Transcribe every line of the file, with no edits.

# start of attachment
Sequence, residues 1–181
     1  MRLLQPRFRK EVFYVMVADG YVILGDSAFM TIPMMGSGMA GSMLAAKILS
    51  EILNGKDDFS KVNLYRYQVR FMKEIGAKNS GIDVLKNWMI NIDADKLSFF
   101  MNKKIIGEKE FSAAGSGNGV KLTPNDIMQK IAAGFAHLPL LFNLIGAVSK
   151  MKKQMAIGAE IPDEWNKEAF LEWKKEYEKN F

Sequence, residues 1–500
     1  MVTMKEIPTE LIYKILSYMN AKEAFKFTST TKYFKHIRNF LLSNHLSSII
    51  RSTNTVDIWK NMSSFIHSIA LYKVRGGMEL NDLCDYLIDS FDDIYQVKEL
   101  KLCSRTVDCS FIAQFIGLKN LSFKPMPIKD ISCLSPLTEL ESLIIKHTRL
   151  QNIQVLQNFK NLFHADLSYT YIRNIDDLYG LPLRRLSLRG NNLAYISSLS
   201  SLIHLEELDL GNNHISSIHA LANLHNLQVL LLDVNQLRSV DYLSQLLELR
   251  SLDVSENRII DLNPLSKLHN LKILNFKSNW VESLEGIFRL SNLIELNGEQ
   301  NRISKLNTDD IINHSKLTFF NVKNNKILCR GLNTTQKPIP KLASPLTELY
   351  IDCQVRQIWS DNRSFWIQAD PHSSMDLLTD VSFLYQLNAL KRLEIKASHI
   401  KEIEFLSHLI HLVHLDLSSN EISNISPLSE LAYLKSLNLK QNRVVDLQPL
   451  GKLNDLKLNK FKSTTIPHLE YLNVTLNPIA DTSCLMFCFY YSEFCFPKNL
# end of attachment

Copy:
Sequence, residues 1–181
     1  MRLLQPRFRK EVFYVMVADG YVILGDSAFM TIPMMGSGMA GSMLAAKILS
    51  EILNGKDDFS KVNLYRYQVR FMKEIGAKNS GIDVLKNWMI NIDADKLSFF
   101  MNKKIIGEKE FSAAGSGNGV KLTPNDIMQK IAAGFAHLPL LFNLIGAVSK
   151  MKKQMAIGAE IPDEWNKEAF LEWKKEYEKN F

Sequence, residues 1–500
     1  MVTMKEIPTE LIYKILSYMN AKEAFKFTST TKYFKHIRNF LLSNHLSSII
    51  RSTNTVDIWK NMSSFIHSIA LYKVRGGMEL NDLCDYLIDS FDDIYQVKEL
   101  KLCSRTVDCS FIAQFIGLKN LSFKPMPIKD ISCLSPLTEL ESLIIKHTRL
   151  QNIQVLQNFK NLFHADLSYT YIRNIDDLYG LPLRRLSLRG NNLAYISSLS
   201  SLIHLEELDL GNNHISSIHA LANLHNLQVL LLDVNQLRSV DYLSQLLELR
   251  SLDVSENRII DLNPLSKLHN LKILNFKSNW VESLEGIFRL SNLIELNGEQ
   301  NRISKLNTDD IINHSKLTFF NVKNNKILCR GLNTTQKPIP KLASPLTELY
   351  IDCQVRQIWS DNRSFWIQAD PHSSMDLLTD VSFLYQLNAL KRLEIKASHI
   401  KEIEFLSHLI HLVHLDLSSN EISNISPLSE LAYLKSLNLK QNRVVDLQPL
   451  GKLNDLKLNK FKSTTIPHLE YLNVTLNPIA DTSCLMFCFY YSEFCFPKNL